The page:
Born this Way; What Nursing Means To Me
I came out of the uterus knowing exactly what I was placed on earth to do. I was lucky. So few people are that fortunate. To solidify the deal, my Mom named me after a nurse, so by the time I hit the nursery, I was on the job.
Other babies were busy looking cute and cuddly and drooling, not me. I might have looked like a full term infant, but I was busy assessing Apgar scores. That blonde baby in the corner, is her breathing OK? What about that little bald guy? Is he starting to appear jaundiced?
OK, so I didn't have language skills yet, but I was processing, making plans, assessing, preparing for potential emergencies. I wasn't there to just eat, burp, and sleep. I was a nurse.
By two, my dolls had a miniature stethoscope checking their "lungs" for abnormalities. I couldn't afford to set them up for tea parties; they might be coming down with colds or flu! You laugh, but we have Christmas photos of my toddler self, dressed to the nines in full nursing regalia, "assessing" her doll babies from head to toe. There was no mistaking the grin that was plastered all over my face, either. THIS was one happy little lady!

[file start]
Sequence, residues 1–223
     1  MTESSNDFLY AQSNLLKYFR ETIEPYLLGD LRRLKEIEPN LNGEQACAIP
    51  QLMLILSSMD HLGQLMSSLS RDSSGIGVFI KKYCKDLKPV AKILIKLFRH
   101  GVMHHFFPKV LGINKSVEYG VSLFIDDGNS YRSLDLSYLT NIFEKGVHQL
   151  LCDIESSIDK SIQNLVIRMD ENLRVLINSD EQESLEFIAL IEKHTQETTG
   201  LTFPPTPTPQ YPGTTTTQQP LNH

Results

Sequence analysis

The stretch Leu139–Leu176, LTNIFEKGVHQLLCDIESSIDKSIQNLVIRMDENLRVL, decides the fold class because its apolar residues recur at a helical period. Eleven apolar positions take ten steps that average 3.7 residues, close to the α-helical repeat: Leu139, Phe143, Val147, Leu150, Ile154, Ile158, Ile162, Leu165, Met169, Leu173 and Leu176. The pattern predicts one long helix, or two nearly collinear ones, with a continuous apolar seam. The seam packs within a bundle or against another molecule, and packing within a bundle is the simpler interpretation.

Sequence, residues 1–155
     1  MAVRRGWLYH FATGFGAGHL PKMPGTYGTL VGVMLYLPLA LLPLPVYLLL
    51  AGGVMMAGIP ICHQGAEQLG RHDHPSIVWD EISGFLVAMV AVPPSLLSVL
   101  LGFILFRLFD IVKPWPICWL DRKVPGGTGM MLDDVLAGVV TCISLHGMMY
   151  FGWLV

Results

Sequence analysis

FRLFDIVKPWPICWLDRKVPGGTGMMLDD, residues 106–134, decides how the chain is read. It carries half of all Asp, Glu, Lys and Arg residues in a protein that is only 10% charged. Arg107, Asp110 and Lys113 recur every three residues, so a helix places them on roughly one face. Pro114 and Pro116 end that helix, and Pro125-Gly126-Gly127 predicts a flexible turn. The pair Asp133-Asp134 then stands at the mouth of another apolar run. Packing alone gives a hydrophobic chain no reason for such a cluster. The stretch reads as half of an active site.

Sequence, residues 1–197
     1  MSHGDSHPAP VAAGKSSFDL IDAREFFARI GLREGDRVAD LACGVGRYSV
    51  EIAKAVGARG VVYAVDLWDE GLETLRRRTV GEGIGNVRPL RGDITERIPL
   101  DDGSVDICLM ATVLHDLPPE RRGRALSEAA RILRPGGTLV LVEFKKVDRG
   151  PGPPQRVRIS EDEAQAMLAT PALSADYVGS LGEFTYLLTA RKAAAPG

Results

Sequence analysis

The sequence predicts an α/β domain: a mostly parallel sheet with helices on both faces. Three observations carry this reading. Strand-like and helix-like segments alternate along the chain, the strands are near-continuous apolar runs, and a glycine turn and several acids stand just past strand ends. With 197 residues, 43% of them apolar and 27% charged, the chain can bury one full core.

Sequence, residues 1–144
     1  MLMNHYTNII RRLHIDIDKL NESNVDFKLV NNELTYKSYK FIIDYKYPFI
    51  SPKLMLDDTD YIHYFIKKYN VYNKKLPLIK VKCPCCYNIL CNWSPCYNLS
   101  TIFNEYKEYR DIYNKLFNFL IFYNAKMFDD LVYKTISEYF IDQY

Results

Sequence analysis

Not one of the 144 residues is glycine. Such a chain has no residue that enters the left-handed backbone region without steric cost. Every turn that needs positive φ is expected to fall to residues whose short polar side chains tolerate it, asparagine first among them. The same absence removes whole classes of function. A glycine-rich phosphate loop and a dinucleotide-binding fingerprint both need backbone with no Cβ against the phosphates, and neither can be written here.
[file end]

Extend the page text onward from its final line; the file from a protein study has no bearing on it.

And so it went...through future nursing classes in high school, and working as an assistant at the hospital during summer breaks. The contentedness I felt when helping and being close to other people never left me. The chance to discuss the human condition, in all its glory and frailties, from the newness of life's beginning to the reverence for its end, I never lost the inner (or outer) grin that I gained from nursing.
Nursing allows you to laugh, curse, and cry with patients, and to become closer to human beings than you believed possible. You form lifelong friendships with people and cultures that you may never have known through geography alone. You cross barriers that seem insurmountable and bridge distances with the touch a of a healing hand. There's nothing like it.
There never will be. For many of us, we were born this way, and my God, were we lucky.